Chapter

Are Nouns Easier to Learn Than Verbs? Three Experimental Studies

Jane B. Childers and Michael Tomasello

in Action Meets Word

Published in print April 2006 | ISBN: 9780195170009
Published online April 2010 | e-ISBN: 9780199893300 | DOI: http://dx.doi.org/10.1093/acprof:oso/9780195170009.003.0013
Are Nouns Easier to Learn Than Verbs? Three Experimental Studies

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A current controversy in the study of word learning is whether it is conceptually easier to learn nouns as compared to verbs early in development. This chapter describes three experiments which address the noun-verb question in different ways. In the first experiment, researchers asked how many times (and on how many days) does a 2-year-old need to hear a word to be able to learn it, and does this differ for nouns and verbs? This second study investigates whether — when nouns and verbs are presented in comparable sentence contexts, controlling the number of exposures, and presenting a dynamic event in both the noun and verb conditions — nouns are easier to learn than are verbs. In Study 3, researchers compared children's ability to learn intransitive and transitive verbs and their ability to understand verbs for self-action as opposed to other action, to determine whether some of these verb and referent types are learned more quickly than are others.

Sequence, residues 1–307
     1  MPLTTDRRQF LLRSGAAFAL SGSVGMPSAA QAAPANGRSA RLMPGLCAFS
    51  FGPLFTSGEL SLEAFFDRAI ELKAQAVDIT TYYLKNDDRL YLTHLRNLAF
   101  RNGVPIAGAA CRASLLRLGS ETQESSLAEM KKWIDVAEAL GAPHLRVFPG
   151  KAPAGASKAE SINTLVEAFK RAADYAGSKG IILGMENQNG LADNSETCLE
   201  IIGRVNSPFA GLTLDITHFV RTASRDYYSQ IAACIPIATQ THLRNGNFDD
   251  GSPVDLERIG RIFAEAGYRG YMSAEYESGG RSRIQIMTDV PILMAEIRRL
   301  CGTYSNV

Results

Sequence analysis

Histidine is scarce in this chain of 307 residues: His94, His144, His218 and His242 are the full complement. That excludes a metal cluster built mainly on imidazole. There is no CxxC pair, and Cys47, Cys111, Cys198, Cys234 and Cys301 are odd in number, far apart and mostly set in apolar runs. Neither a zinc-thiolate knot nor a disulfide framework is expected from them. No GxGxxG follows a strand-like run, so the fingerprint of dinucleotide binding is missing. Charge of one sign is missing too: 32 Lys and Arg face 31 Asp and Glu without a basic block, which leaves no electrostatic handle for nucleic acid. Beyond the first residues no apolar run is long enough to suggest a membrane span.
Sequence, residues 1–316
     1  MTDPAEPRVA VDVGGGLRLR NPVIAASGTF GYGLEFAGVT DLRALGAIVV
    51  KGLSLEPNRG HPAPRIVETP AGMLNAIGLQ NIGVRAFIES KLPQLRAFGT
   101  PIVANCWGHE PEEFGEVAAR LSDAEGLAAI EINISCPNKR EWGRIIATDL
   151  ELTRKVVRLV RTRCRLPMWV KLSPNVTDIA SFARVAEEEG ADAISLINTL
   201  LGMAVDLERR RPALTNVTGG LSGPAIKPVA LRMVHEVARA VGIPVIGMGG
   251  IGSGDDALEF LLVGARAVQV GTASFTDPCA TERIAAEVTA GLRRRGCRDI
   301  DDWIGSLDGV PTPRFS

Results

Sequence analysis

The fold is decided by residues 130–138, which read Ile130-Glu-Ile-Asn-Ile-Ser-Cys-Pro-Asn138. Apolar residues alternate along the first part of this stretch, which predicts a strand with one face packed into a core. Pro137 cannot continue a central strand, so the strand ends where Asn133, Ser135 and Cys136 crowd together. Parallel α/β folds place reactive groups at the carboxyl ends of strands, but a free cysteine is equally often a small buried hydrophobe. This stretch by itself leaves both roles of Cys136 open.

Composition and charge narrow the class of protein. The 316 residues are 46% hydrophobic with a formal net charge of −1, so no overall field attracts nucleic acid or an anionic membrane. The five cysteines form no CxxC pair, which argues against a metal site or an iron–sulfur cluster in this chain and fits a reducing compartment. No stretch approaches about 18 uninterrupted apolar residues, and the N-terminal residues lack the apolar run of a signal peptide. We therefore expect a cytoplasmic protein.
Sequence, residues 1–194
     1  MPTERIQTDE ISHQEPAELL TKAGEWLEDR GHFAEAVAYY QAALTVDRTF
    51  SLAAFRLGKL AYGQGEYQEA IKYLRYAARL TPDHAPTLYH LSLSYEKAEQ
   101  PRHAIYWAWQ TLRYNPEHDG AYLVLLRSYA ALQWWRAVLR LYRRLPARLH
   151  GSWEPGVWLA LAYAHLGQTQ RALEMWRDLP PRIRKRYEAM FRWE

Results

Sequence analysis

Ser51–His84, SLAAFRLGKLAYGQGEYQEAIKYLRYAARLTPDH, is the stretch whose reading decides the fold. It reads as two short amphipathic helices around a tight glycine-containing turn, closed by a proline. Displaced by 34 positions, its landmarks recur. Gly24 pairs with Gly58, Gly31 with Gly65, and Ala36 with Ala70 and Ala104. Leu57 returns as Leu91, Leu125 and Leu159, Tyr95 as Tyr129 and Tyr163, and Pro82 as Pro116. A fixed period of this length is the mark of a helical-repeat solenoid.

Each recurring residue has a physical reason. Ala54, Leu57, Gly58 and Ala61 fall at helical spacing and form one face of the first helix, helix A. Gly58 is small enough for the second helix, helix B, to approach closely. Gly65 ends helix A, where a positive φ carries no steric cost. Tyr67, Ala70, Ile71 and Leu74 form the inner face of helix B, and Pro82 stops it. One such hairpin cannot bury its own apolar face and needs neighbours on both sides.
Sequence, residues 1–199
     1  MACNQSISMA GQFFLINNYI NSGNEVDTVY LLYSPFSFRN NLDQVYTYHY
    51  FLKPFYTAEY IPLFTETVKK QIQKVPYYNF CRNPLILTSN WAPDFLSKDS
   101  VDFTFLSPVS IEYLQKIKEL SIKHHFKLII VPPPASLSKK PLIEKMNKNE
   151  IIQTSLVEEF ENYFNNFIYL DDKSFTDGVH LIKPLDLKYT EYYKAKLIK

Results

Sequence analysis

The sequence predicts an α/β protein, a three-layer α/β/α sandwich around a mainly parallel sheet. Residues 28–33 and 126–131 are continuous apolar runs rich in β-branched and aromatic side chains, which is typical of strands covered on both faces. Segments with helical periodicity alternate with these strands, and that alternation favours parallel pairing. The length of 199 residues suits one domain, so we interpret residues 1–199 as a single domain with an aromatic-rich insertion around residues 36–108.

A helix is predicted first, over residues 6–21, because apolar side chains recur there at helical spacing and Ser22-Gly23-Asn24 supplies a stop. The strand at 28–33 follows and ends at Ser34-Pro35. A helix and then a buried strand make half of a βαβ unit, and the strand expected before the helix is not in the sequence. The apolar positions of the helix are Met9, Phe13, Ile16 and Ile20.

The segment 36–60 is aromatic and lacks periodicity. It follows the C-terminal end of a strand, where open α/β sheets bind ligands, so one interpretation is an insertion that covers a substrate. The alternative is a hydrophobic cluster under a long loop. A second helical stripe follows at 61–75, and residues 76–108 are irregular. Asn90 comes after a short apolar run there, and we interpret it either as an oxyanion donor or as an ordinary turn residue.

Keywords: nouns; word learning; verbs

Chapter.  11336 words.  Illustrated.

Subjects: Developmental Psychology

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